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Egypt's interbank market stagnant as dollar supply eases at banks

An employee counts Egyptian pounds in a foreign exchange office in central Cairo, Egypt, November 3, 2016. Picture taken November 3, 2016. REUTERS/Mohamed Abd El Ghany

An employee counts Egyptian pounds in a foreign exchange office in central Cairo, Egypt, November 3, 2016. Picture taken November 3, 2016. REUTERS/Mohamed Abd El Ghany

REUTERS/Mohamed Abd El Ghany
By Asma Alsharif

CAIRO, March 7 (Reuters) - Egypt's interbank market has stagnated this month after the flurry of activity in February caused by an influx of foreign inflows died down.

The interbank market was reactivated in early November following a central bank decision to abandon the currency peg of 8.8 pounds to the U.S. dollar in the hope of unlocking currency inflows and fighting a black market for dollars which diverted funds away from the banking system.

Bankers said the interbank market was stagnant in the first few months after the float as banks struggled to meet pent up dollar demand from their own clients, leading the pound to devalue to almost 20 per dollar in December, but in February inflows poured in and banks began selling excess dollars on the interbank market.

An influx of hard currency from foreign investors attracted by the high yields of Egyptian treasuries in February, after the successful $4 billion Eurobond sale, combined with a decline in dollar demand from importers resulted in a few weeks of activity in the interbank market.

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"There was a snowball effect which started after the sale of the Eurobonds ... The funds came in and the dollar price started declining and people started to panic and sell their dollars," said one Egypt based banker who declined to be named for not being authorised to speak to the media.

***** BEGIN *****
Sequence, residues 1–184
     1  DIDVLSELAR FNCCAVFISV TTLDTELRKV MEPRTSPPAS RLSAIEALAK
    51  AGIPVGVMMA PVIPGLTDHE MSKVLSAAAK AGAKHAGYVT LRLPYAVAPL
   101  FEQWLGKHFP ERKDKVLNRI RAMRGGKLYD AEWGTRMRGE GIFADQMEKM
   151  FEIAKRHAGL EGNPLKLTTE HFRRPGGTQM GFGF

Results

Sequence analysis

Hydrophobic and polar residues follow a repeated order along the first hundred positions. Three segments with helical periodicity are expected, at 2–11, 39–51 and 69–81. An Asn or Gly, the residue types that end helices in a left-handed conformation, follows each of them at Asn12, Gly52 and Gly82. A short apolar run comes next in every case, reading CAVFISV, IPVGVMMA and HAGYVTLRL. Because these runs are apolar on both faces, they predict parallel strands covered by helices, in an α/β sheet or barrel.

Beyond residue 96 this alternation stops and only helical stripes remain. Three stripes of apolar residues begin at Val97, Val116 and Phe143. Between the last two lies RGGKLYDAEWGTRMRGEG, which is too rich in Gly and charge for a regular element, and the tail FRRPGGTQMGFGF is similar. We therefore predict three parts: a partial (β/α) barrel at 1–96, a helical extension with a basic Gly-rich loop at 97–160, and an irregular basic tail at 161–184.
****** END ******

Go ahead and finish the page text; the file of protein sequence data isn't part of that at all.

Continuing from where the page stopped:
This resulted in the dollar weakening against the Egyptian pound to reach 15.75 per dollar and banks said interbank activity flourished in early February, with some banks' transactions averaging around $15 million per day, although others said it was less.

"The market is fragile and not very deep so if $200-300 million enters the market at once they can make a difference," the banker said.

Banks had been holding the pound at near $16 per dollar since mid-February despite a pick up in dollar demand and declining inflows of dollars, causing a black market to re-emerge and divert liquidity from banks once more.

"Foreign investors did not leave but no new inflows came in either and the market stopped for a bit at that level ... In the third week of Feb things started slowing down. Currently there is no supply and the interbank market is stagnant," the banker added.

Another Egyptian banker said banks will need to raise their rates for the dollar in order to attract more liquidity into banks and fight the re-emerging black market.

"The interbank volumes are back to levels before the floatation. All banks have issues with the foreign currency because clients are withdrawing their dollars and selling at the black market," he said.

On Tuesday banks raised rates for buying dollars to around 17.40 per dollar, up from 16.75 a day earlier, in the hope that they will attract flows back into banks but one black market trader told Reuters they are buying dollars at a range between 17.45-17.65 and trying to sell at a range between 18.5-18.3.

(Reporting by Asma Alsharif, editing by David Evans) ((asma.alsharif@thomsonreuters.com; +20225783290; Reuters Messaging: asma.alsharif.reuters.com@reuters.net))
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